Meanwhile, we moved to yet another farce - the dismantling of the big government coalition formed by Binyamin Netanyahu and Shaul Mofaz with a majority of 94 Knesset members holding out seventy days exactly. And the government broke up over the firm demand  of recruiting the ultra-Orthodox yeshiva students who absolutely do not want to be soldiers and the army does not need them and Netanyahu never seriously intended to recruit them. And there was left to Shaul Mofaz nothing but to vacate the Deputy Premier chair which had been empty of real content and authority and move to the chair of head of the opposition to which he won’t be able to give real meaning, either.

There were columnists who mourned the loss of what they call "the historic opportunity to create in Israel a government of the sane center.” I myself am rather encouraged by what  I read on the pages of "Makor Rishon" written by Amnon Lord, an associate protege of Benjamin Netanyahu: "The purpose of government opponents is to create ceaseless turmoil, and in this they mark a  success. The king-size government coalition disintegrated surprisingly quickly. The impression is that everything is very vulnerable, everything is shaky, and despite his three and a half years in power, Netanyahu has not managed so far to sit firmly in the saddle ".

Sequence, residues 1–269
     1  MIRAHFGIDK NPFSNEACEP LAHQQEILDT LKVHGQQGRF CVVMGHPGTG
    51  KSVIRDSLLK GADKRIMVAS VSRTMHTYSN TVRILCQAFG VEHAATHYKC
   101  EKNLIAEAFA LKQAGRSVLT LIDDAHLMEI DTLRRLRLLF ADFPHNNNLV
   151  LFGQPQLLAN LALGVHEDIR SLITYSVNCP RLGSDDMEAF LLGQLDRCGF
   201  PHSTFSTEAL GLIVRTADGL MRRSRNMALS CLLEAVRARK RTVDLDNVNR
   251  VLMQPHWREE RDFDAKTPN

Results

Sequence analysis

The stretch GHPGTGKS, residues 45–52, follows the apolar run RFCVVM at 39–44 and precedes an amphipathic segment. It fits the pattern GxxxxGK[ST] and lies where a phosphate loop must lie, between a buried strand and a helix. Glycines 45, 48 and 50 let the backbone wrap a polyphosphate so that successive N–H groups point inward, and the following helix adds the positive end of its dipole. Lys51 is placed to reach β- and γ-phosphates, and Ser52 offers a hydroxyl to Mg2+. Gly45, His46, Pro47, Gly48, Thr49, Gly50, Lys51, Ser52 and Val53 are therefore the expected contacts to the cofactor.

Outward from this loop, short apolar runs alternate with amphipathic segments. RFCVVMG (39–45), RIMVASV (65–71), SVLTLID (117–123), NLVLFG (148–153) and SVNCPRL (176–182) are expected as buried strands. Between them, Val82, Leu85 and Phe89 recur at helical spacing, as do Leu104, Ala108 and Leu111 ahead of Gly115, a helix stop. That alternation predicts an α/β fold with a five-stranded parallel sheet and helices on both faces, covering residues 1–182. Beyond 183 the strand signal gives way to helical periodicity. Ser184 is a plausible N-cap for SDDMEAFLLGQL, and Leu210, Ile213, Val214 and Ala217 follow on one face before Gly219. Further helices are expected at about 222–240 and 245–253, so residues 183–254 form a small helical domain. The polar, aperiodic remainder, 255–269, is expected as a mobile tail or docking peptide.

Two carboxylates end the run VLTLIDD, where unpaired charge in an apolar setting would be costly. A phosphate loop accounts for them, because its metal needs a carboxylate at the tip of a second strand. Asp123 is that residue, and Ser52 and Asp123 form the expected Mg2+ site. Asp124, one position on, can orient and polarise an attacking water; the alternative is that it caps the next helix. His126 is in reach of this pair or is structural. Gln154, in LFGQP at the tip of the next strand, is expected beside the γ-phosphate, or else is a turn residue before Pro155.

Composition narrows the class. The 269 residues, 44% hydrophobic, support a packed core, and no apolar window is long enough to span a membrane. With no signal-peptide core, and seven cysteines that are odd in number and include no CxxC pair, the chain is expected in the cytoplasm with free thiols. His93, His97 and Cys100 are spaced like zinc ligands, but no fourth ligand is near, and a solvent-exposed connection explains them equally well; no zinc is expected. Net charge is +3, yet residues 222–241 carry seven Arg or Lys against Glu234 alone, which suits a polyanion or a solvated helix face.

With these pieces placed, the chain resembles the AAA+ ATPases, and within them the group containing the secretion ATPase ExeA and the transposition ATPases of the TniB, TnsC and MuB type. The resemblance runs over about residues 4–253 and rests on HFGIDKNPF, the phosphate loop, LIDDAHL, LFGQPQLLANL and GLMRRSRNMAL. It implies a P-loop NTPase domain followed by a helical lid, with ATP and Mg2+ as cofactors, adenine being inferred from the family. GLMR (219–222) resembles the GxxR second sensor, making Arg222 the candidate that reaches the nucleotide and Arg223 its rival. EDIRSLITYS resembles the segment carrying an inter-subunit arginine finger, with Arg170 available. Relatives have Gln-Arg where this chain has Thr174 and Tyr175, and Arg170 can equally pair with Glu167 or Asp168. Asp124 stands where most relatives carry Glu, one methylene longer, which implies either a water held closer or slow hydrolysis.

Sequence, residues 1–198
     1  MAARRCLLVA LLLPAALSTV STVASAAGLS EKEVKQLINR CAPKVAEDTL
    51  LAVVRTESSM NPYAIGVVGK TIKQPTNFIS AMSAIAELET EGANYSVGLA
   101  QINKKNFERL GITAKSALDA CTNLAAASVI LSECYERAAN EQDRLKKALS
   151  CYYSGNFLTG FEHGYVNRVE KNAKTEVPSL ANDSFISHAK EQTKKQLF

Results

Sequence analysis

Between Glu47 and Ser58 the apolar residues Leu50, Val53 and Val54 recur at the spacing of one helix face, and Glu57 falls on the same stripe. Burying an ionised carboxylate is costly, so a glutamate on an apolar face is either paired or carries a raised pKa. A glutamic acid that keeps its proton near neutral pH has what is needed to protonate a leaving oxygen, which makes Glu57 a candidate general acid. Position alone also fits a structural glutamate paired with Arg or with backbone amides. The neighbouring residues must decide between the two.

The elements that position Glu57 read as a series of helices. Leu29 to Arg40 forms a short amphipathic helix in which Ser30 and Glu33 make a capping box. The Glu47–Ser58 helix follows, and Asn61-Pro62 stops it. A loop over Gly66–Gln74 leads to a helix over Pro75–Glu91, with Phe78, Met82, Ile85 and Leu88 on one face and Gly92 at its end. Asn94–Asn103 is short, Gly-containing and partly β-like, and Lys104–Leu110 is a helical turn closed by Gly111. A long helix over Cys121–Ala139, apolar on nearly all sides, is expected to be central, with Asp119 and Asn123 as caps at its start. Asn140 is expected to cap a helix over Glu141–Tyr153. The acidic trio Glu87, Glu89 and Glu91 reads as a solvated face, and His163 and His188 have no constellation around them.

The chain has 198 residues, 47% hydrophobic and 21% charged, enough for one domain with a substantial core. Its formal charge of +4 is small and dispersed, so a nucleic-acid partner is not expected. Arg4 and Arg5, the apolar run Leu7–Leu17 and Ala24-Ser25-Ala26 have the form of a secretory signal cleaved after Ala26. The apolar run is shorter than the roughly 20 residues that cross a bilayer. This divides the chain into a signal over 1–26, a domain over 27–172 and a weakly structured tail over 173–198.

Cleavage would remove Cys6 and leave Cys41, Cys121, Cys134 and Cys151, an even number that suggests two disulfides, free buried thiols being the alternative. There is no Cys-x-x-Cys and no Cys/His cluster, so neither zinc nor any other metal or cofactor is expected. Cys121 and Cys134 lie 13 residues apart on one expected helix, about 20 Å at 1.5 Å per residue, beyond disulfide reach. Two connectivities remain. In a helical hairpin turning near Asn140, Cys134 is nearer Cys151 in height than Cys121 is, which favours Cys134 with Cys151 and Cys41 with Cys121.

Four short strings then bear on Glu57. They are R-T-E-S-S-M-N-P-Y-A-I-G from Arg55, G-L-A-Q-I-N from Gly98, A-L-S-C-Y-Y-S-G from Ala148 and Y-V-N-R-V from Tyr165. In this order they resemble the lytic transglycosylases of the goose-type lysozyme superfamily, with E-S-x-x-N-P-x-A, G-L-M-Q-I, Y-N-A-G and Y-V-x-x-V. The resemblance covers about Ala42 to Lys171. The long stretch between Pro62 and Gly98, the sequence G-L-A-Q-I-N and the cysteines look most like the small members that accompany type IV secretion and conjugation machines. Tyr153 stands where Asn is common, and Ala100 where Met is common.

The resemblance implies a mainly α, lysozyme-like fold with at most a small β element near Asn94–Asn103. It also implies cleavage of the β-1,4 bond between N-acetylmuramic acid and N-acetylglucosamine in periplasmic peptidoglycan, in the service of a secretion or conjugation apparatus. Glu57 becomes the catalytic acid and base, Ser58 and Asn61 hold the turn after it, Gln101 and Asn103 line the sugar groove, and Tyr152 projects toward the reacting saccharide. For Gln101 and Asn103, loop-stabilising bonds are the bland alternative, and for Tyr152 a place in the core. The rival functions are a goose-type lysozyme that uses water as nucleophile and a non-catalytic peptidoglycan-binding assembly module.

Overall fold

In the meantime, an event which did not get any report in the Israeli media took place in the “non-occupied”  dark backyard of the democratic State of Israel. The military authorities decided to release Palestinian Parliament Speaker Aziz Dweik,  held in administrative detention for six months - without trial. Why was he arrested six months ago? The reasons are secret and well-kept by the security services of the State of Israel. And why was he released now? Ditto.